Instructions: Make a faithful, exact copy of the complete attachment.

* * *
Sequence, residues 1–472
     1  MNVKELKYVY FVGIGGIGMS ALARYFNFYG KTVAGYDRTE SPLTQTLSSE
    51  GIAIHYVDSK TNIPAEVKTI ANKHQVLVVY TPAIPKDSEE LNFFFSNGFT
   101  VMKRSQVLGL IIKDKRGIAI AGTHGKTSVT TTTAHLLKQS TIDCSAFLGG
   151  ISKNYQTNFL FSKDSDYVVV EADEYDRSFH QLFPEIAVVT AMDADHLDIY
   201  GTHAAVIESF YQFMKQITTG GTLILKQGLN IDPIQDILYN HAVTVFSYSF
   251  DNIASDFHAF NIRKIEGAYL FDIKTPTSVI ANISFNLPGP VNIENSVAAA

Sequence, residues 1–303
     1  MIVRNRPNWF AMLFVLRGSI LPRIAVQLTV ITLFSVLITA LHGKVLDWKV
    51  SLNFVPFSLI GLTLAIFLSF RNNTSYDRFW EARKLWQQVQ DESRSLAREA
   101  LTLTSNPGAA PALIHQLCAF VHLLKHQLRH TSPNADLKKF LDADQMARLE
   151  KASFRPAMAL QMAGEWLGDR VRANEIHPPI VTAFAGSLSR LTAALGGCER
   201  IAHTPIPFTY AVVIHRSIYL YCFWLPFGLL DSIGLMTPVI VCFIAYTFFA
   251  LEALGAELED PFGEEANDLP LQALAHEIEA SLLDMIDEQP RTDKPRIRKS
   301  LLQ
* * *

Sequence, residues 1–472
     1  MNVKELKYVY FVGIGGIGMS ALARYFNFYG KTVAGYDRTE SPLTQTLSSE
    51  GIAIHYVDSK TNIPAEVKTI ANKHQVLVVY TPAIPKDSEE LNFFFSNGFT
   101  VMKRSQVLGL IIKDKRGIAI AGTHGKTSVT TTTAHLLKQS TIDCSAFLGG
   151  ISKNYQTNFL FSKDSDYVVV EADEYDRSFH QLFPEIAVVT AMDADHLDIY
   201  GTHAAVIESF YQFMKQITTG GTLILKQGLN IDPIQDILYN HAVTVFSYSF
   251  DNIASDFHAF NIRKIEGAYL FDIKTPTSVI ANISFNLPGP VNIENSVAAA

Sequence, residues 1–303
     1  MIVRNRPNWF AMLFVLRGSI LPRIAVQLTV ITLFSVLITA LHGKVLDWKV
    51  SLNFVPFSLI GLTLAIFLSF RNNTSYDRFW EARKLWQQVQ DESRSLAREA
   101  LTLTSNPGAA PALIHQLCAF VHLLKHQLRH TSPNADLKKF LDADQMARLE
   151  KASFRPAMAL QMAGEWLGDR VRANEIHPPI VTAFAGSLSR LTAALGGCER
   201  IAHTPIPFTY AVVIHRSIYL YCFWLPFGLL DSIGLMTPVI VCFIAYTFFA
   251  LEALGAELED PFGEEANDLP LQALAHEIEA SLLDMIDEQP RTDKPRIRKS
   301  LLQ